The struggle for ascendancy between rival queen sisters Ravenna (Charlize Theron) and Freya (Emily Blunt) takes center stage in The Huntsman: Winter’s War, the epic female-centric action adventure directed by visual effects wizard Cedric Nicolas-Troyan in his feature debut. In an icy northern kingdom where love is forbidden, Freya’s elite Huntsman, Eric (Chris Hemsworth), takes a stand between good and evil alongside fellow warrior Sara (Jessica Chastain) who has captured his heart. In this prequel to 2012’s Snow White and The Huntsman, Eric must prevent Freya’s evil sibling, Ravenna, from ruling for an eternity.
At the film’s recent press day at Universal Studios, Theron, Hemsworth, Blunt, Chastain, and Nicolas-Troyan discussed the appeal of being part of the prequel, Blunt’s “queen off” with Theron, what it was like playing a villain in that heightened reality, the change in tone from the first film, how the actresses got to kick ass and show off their fighting skills, Theron’s mano a mano with Hemsworth in a heavy dress designed by Colleen Atwood, how Chastain trained for her role and fought in shoes with 4-1/2” lifts, Judi Dench’s generosity towards Blunt at the start of her career, and Blunt’s upcoming role in Disney’s Mary Poppins sequel. Check it all out in the interview below and be aware there are a few spoilers.
Cedric, this film marks your directorial debut. What appealed to you about being a part of The Huntsman: Winter’s War?
CEDRIC NICOLAS-TROYAN: When you try to be a director, you have to start somewhere. You’re trying to find that first instance. When Joe Roth called me and asked me if I wanted to direct that picture, it was a no brainer for me. I knew that Charlize and Chris were already in and Emily was on the verge of coming in. It was like, “Yes, of course.”
Charlize, what attracted you about coming back?
CHARLIZE THERON: Chris Hemsworth. I had a blast on the first one. I had a really great time working with Chris. I think I was in shock when I got the call, because I die in the first one. Spoiler alert. I was a little bit like, “Well how is that going to work?” Then, when I saw the script and I realized, I was just really flattered that they wanted to bring me back. You’re always wondering what else is there to explore. I realized that I was in a very fortunate position because of the character, Freya. Two things that I never thought Ravenna would ever do was love something and care for something. That was a new thing for me to explore through this character. And, to get to do it with a powerhouse like Ms. Blunt over there was like, “Where do I sign on? I can’t wait.”
Emily, were you excited to be a part of the group?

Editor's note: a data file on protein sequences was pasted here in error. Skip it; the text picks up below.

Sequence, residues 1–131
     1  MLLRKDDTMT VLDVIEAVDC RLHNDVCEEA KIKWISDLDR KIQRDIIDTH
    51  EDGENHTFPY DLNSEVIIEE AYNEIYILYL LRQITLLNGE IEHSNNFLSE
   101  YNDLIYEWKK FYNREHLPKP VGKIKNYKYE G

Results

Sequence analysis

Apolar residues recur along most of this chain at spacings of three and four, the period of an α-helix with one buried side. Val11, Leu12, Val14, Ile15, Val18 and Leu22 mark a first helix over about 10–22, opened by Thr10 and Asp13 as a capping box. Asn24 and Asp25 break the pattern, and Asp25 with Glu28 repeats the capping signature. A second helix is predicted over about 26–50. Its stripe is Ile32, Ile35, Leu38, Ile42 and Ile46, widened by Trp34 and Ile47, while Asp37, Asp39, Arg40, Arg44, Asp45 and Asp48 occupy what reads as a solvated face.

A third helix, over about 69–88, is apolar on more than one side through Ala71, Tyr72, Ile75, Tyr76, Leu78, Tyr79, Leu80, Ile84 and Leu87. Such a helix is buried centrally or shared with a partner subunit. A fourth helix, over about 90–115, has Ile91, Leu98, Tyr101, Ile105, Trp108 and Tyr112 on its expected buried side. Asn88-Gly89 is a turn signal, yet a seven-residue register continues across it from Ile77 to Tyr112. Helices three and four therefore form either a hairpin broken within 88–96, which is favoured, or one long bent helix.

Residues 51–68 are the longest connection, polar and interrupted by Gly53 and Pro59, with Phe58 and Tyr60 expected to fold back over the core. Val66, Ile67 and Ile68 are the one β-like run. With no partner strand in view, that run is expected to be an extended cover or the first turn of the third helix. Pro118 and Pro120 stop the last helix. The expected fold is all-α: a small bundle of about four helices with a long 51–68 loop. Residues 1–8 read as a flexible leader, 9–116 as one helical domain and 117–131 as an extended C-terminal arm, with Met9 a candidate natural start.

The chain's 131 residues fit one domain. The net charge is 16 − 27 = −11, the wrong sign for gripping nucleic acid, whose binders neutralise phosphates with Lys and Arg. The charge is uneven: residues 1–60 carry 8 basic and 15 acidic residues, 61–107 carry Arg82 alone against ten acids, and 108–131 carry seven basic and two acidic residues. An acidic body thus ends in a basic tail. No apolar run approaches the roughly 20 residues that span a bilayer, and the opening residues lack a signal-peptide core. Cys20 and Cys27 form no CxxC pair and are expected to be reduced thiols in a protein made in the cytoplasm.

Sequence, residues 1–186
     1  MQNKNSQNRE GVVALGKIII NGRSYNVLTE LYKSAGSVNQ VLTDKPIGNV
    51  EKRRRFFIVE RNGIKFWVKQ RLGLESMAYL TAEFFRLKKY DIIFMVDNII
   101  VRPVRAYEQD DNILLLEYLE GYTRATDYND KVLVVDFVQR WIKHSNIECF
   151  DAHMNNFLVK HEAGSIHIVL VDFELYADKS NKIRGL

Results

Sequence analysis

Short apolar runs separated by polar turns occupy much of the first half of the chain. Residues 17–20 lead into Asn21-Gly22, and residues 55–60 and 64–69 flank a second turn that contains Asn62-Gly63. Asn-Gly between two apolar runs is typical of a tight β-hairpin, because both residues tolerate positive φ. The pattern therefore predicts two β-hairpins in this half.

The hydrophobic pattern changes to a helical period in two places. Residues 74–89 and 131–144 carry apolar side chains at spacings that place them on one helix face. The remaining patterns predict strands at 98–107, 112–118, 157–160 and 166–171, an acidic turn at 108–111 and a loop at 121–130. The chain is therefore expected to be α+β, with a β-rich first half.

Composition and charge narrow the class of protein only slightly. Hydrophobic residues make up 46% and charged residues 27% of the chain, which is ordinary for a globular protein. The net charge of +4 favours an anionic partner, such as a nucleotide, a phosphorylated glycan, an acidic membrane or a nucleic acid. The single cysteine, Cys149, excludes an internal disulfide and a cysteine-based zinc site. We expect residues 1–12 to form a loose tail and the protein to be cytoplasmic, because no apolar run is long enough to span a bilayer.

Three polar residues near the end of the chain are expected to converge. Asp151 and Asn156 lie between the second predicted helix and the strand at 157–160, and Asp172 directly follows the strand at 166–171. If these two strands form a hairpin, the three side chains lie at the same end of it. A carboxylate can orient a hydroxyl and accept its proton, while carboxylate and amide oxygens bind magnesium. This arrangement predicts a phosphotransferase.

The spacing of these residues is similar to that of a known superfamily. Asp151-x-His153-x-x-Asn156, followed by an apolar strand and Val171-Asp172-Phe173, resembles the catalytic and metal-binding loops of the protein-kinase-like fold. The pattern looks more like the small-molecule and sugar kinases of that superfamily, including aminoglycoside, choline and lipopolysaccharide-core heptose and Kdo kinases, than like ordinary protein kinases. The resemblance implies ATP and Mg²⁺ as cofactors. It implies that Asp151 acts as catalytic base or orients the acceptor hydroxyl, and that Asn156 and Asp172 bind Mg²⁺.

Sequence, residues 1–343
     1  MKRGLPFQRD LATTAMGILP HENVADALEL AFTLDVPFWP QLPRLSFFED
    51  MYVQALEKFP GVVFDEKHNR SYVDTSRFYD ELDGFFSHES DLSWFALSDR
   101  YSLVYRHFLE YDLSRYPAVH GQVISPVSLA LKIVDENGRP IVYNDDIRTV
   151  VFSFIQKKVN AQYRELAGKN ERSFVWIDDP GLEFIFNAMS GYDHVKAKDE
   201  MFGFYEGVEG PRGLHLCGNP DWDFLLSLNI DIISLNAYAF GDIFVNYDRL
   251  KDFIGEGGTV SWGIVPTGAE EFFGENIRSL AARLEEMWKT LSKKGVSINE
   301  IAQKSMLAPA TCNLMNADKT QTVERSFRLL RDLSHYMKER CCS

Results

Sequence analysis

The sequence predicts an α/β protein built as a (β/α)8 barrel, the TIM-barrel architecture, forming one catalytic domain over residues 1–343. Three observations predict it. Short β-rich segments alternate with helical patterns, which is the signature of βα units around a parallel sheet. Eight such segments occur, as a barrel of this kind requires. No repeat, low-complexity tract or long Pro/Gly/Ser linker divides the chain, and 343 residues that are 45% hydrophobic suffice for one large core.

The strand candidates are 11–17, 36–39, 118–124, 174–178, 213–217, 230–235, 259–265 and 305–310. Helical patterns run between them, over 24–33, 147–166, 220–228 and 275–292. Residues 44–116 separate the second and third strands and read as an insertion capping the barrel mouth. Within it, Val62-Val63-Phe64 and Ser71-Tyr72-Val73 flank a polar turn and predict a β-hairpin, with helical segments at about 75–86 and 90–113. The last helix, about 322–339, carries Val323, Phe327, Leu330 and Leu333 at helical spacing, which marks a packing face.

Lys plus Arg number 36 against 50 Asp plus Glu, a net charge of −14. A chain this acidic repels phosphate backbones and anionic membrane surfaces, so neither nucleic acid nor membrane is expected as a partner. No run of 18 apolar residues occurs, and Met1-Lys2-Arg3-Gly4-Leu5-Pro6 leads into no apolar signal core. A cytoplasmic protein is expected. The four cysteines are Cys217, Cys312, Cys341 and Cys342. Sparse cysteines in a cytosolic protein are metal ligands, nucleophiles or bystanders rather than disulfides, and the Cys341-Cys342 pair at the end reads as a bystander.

EMILY BLUNT: I was really excited. It was a big appeal for me to work with all the actors. I definitely was wanting to do a “queen off” with Charlize Theron. It was just so awesome and fun. I don’t think I’d ever played a villain in that heightened reality, and I knew that would be a delicious thing to play. That was a big part of it, too.
Chris, how was it for you?
CHRIS HEMSWORTH: It was great. I had a great time in the first one, but it was a darker in tone film. When we were shooting that, we were talking about the potential of doing a sequel or a spinoff or both. Then, this came together first. I liked the fact that it was an opportunity to have it be much lighter in tone, and have a greater sense of humor to the character, and still have that epic adventure, but it’d be more fun. That’s what we aimed for in the script and Cedric had the same intention.
NICOLAS-TROYAN: On the first movie, the Huntsman himself, as a character, was very different than the tone of the film. He had this swagger. He was coming in and out of drama, and going in doing The Huntsman as his own movie, it was very important to carry that tone. We took a chance there, because it’s a very different tone than the first movie, but it was the tone of the character that Eric is.
We also have a very powerful female Huntsman in the character of Sara. Jessica, how was this experience for you?
JESSICA CHASTAIN: It was great. I had just done a lot of movies where I was playing characters going through very dark things, and I was so bored with what my life was. I was like, “Oh my gosh, I’m always on a set and I’m constantly playing these sad things. I want to do something fun.” Being on the set with all of these people, we laughed a lot. It’s the most laughing I think I’ve ever had on a set.